I find these two instructables partially helpful.
They include some exceptional instructables that I find to be good examples, too.
They do lack a bit in didactical terms. For this, a google search for "How to write good manuals/instructions/assignments" etc. gives some good pointers.

Generally, studying other instructables -especially in topics where you have zero knowledge- give you a good idea about differentiating the good from the the not-so-good ones.

If you're not interested in making (further) instructions - fine. In any case I'd clearly state your target audience/knowledge requirements/missing parts in the opening paragraph to make sure that the readers know from the beginning what (and what not) to expect.

If you need any further help, I'll gladly assist.


now why didn't you post this as your first reply? It would have helped me a lot to discover your frustrations, instead of "an instruction without instructions, what's the point". that was pretty patronising.

I get what your saying. It would help if you could check a box when you make an instructable to label the level at which the build is at, like in cooking books where they put - beginner/intermediate/difficult/expert. This is indeed an expert build and like you said, when you have a decent knowledge of woodworking you don't need to know all the details involved.

People with zero knowledge of woodworking won't be rebuilding this tumbler very soon - I think. this is a one-off build. You have to be very interested in woodwork and have an interest in batmobiles or batman in general before even thinking about building a tumbler so the "target" audience is narrowed down a whole lot just by the subject of this build. This isn't an easy build or instructable to say the least.

people who already have knowledge of woordworking will get a lot out of the pictures in this instructable and the info I added.

As for building plans, there aren't any building plans. But i truly understand that this would be a big help. I would've liked to have had building plans as well ;-)

I appreciate the fact that you made the effort to reply and I will keep all of your tips in mind for my next instructables. They are very helpfull.

Don't let language get in your way to make your own instructable, you seem to be very accomplished in writing in English. English isn't my native language as well (I'm born and raised in Belgium and my native tongue is Flemish). I hope to see your feedback in my next instructables and I'de love to see you make an instructable because you clearly have a lot of knowledge.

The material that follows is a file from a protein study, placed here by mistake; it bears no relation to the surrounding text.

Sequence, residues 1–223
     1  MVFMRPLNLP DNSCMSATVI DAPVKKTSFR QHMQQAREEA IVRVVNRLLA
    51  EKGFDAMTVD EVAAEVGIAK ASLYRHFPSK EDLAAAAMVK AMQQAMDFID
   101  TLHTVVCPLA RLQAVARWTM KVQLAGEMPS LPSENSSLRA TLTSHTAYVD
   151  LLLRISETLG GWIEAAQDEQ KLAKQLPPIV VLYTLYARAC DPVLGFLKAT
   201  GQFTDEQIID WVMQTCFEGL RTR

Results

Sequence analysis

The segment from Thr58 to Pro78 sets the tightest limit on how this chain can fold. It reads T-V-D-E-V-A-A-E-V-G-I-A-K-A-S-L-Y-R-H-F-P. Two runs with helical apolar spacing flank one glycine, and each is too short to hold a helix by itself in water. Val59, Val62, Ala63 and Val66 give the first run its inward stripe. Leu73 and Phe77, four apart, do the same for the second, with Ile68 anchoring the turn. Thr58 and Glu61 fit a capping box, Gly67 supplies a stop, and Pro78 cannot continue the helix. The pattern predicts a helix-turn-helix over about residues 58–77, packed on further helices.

It's been nice replying with you.

Have a good weekend.


Reply 3 years ago

OMG, OMG, OMG! Two superbly written replies by Havlicek stole the ball and Dvda2108! When I do that level of detail at work or at home, I usually get the "too much information" or "summary only, please" responses.

With absolutely no sarcasm, I really enjoyed both your replies to each other. I'm definitely not sure why either of you think you have a problem with not being a native English speaker.

I love you guys.*

* (in a manly, blokes-around-a campfire kind of way of course [does a Tool Time grunt])


Reply 3 years ago on Introduction

Thanks for sharing what you have.

I'm glad you don't have the motto of a famous shoe company;

"JUST DO IT!" ;)


Reply 3 years ago

if I ever get a slogan I'd make it: look-listen-think-build.


3 years ago on Introduction

I am a huge Batman fan but having this in a Halloween contest is not right. Perhaps you should remove it from the contest.

3 replies
Fin the humangrimdaddy

Reply 3 years ago

it won't be accepted it was made after the contest started.

talecrivFin the human

Reply 3 years ago

it was accepted as it just needs to be published in the last year, so his fits and he's a finalist


Reply 3 years ago on Introduction

all of the wood we used was reclaimed from previous projects so that didn't cost us anything. the tyres we got for free from local demolition contractors. the biggest cost we had were the led-lights that was around 500 Euro, and the woofer in the back around 200 Euro. the paint was around 500 Euro as well. so +/- 1500 Euro for everything (screws, lights, woofer, paint, sawblades, drills,...)


4 years ago

You are awesome. This looks so cool. I'm sure all the kids and adults were geeking out.